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Fibroid resection & Myomectomy

The Australian Centre for Female Pelvic and Vaginal Rejuvenation
The Australian Centre for Female Pelvic and Vaginal Rejuvenation

What are fibroids?

Fibroids (also known as leiomyomas or myomas) are benign growths of smooth muscle which typically arise from the uterus. 30-40% of women aged 40 or more years will have fibroids. Fibroids rarely develop in prepubertal girls or women after the menopause.

Risk factors

The growth of fibroids is promoted by oestrogen. Known risk factors include:

  • Obesity.
  • Nulliparity.
  • African descent.
  • Polycystic ovarian syndrome.
  • Hypertension.
  • Familial (2.5-fold increase in first degree relatives).

Symptoms of fibroids

Fibroids do not cause symptoms in the majority of women and are often discovered during part of the assessment for another condition. Symptoms include:

  • Heavy, long and painful periods.
  • Intermenstrual bleeding.
  • Dyspareunia.
  • A mass in the lower abdomen.
  • Urinary frequency.
  • Feeling of pressure or heaviness in the pelvic area and lower back.

Location of fibroids

Common:

  • Intramural (in wall of uterus; myometrium).
  • Submucous (on the lining of the uterus; endometrium).
  • Sub-serosal (on the outer, serosal part of the uterus and can be pedunculated).
  • Intramural

Less common:

  • Broad ligament.
  • Round ligament.
  • Utero-sacral ligament.

Rare:

  • Parasitic (other parts of the body ? related to use of morcellators from previous fibroid surgery).

Complications caused by fibroids

Most of the complications caused by fibroids result from a pressure effect, increase in endometrial surface area or compromise of vascular supply. Complications may include:

  • Anaemia.
  • Infertility.
  • Miscarriage.
  • Preterm delivery.
  • Hydronephrosis (kidney enlargement).
  • Hydroureter (enlarged ureter).
  • Urinary retention.
  • Red degeneration (in pregnancy).
  • Leiomyosarcoma (malignant change).

The investigation and treatment of fibroids will be informed by the clinical findings, the symptoms and the circumstances of the individual patient.

Investigation of fibroids

  • Hysteroscopy.
  • Laparoscopy.
  • Cystoscopy.
  • Ultrasound.
  • MRI.
  • Blood tests.

Treatment & management of fibroids

  • No action.
  • Monitoring.
  • Uterine artery embolisation.
  • Hysteroscopic resection.
  • Laparoscopic or open resection.
  • Laparoscopic or open myomectomy.
  • Hysterectomy.

This is a calcified submucous fibroid. It was diagnosed at hysteroscopy  following an ultrasound performed in a woman reporting intermenstrual bleeding.

Hysteroscopic resection of the submucous fibroid towards the end of the procedure. The tissue removed was sent for histological analysis and no abnormal cells were found.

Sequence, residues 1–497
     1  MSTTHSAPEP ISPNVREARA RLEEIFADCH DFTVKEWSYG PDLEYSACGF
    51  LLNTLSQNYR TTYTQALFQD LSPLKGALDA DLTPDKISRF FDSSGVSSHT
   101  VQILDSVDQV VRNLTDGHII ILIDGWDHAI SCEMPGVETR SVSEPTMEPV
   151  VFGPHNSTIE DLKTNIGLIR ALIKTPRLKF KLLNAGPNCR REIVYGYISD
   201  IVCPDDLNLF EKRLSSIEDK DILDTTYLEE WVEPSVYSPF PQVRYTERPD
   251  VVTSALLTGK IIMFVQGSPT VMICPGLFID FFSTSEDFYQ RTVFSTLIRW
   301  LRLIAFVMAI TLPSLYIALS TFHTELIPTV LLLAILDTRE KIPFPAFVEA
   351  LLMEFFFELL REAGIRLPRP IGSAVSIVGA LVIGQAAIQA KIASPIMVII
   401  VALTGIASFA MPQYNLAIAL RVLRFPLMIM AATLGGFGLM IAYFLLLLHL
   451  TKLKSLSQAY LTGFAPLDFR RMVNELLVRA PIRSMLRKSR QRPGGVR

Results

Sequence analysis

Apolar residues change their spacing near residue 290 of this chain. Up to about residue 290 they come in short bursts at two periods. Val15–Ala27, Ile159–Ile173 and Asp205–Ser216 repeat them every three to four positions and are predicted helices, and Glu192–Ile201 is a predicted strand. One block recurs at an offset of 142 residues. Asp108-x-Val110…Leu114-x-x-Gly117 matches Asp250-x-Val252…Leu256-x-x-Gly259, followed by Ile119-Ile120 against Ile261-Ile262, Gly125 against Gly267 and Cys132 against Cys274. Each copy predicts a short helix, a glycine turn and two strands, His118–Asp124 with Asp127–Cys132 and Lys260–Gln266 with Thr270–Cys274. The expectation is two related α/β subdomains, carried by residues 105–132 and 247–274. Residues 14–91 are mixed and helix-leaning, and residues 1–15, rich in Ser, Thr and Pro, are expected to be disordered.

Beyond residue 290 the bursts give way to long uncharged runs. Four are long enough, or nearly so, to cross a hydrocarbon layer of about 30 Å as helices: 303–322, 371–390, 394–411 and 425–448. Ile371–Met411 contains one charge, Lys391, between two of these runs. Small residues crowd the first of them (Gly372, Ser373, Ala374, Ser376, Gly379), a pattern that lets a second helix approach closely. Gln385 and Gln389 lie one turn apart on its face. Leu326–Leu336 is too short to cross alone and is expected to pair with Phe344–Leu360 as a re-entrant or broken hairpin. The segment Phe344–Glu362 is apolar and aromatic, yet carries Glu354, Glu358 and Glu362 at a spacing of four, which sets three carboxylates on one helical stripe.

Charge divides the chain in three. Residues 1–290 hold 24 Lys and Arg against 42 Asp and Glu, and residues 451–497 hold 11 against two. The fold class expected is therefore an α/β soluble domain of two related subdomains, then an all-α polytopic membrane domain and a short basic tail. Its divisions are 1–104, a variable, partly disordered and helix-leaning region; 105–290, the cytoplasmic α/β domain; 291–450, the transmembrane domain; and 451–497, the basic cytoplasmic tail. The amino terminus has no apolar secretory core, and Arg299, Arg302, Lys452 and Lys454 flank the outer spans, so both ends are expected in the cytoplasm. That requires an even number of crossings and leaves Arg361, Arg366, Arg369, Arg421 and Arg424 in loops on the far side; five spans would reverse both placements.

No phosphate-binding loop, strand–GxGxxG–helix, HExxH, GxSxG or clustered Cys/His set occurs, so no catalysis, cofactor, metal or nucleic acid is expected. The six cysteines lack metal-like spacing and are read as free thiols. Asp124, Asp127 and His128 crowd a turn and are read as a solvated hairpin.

Laparotomy performed for a large intramural fibroid in a woman giving an 8 month history of very heavy menstrual bleeding who was also found to be anaemic. A myomectomy was performed, leaving the uterus in situ.

Laparotomy performed for a large, multiple fibroid uterus in a woman whose family was complete. Her symptoms included heavy periods, increase urination and feeling of discomfort and pressure in the abdomen. She underwent a hysterectomy with ovarian preservation.

Assessment of a subserosal fibroid indicates that the fibroid is only connected to the uterus by a small amount of smooth muscle and mainly by connective tissue.

The fibroid is elevated through tractiod. Diathermy and sharp dissection are used to resect the fibroid with minimal blood loss.

 A GP, attempting to perform a routine Pap smear found this lesion at the cervix. She was found to have a cervical fibroid.

The cervix after the fibroid was resected. The ectocervix (outer part of the cervix) actually looked quite normal as the cervical fibroid had arisen from within the endocervical canal.

It is prudent to perform a hysteroscopy when a cervical lesion is found because in some cases, the fibroid might extend higher up into the cervix and in other situations a separate lesion may be discovered.

An incidental endometrial fibroid polyp is found and this can be removed during the same episode of surgery.

Myomectomy may need to be performed as part of the debulking procedure during a vaginal hysterectomy. Debulking facilitates the vaginal delivery of a uterus that would otherwise be too large to pass through the vagina.

The vascular supply to the uterus has been interrupted by clamping and dividing the uterine arteries. The uterus has been split open, traction applied to the fibroid. It is mobilised away from the myometrium revealing a sizeable, irregular mass.

The uterine cavity is explored for other fibroids and then the alignment of the uterus checked to ensure that the remaining uterine pedicles can be clamped and divided.

The uterine cavity is explored for other fibroids and then the alignment of the uterus checked to ensure that the remaining uterine pedicles can be clamped and divided. Despite the debulking procedure, the uterus is still twice the size of a normal uterus.

A large posterior subserosal fibroid with limited mobility and compressing the Pouch of Douglas resulting in dyspareunia and pelvic pressure.

In this patient, the subserosal fibroid has no obvious calcification, is softer, more vascular and more mobile. It is easily displaced out of the pelvis.

Laser Vaginal Rejuvenation Institute of Adelaide
Laser Vaginal Rejuvenation Institute of Adelaide